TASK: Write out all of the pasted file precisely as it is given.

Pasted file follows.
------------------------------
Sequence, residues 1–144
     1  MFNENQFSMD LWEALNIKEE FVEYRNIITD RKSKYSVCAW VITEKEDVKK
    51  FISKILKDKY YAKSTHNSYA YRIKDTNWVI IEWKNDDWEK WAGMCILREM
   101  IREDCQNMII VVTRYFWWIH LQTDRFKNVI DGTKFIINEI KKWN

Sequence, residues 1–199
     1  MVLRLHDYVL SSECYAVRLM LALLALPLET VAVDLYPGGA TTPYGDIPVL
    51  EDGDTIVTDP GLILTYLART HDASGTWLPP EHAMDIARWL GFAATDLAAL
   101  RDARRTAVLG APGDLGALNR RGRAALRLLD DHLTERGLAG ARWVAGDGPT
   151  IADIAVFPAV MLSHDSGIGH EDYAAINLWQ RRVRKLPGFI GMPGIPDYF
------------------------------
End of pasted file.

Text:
Sequence, residues 1–144
     1  MFNENQFSMD LWEALNIKEE FVEYRNIITD RKSKYSVCAW VITEKEDVKK
    51  FISKILKDKY YAKSTHNSYA YRIKDTNWVI IEWKNDDWEK WAGMCILREM
   101  IREDCQNMII VVTRYFWWIH LQTDRFKNVI DGTKFIINEI KKWN

Sequence, residues 1–199
     1  MVLRLHDYVL SSECYAVRLM LALLALPLET VAVDLYPGGA TTPYGDIPVL
    51  EDGDTIVTDP GLILTYLART HDASGTWLPP EHAMDIARWL GFAATDLAAL
   101  RDARRTAVLG APGDLGALNR RGRAALRLLD DHLTERGLAG ARWVAGDGPT
   151  IADIAVFPAV MLSHDSGIGH EDYAAINLWQ RRVRKLPGFI GMPGIPDYF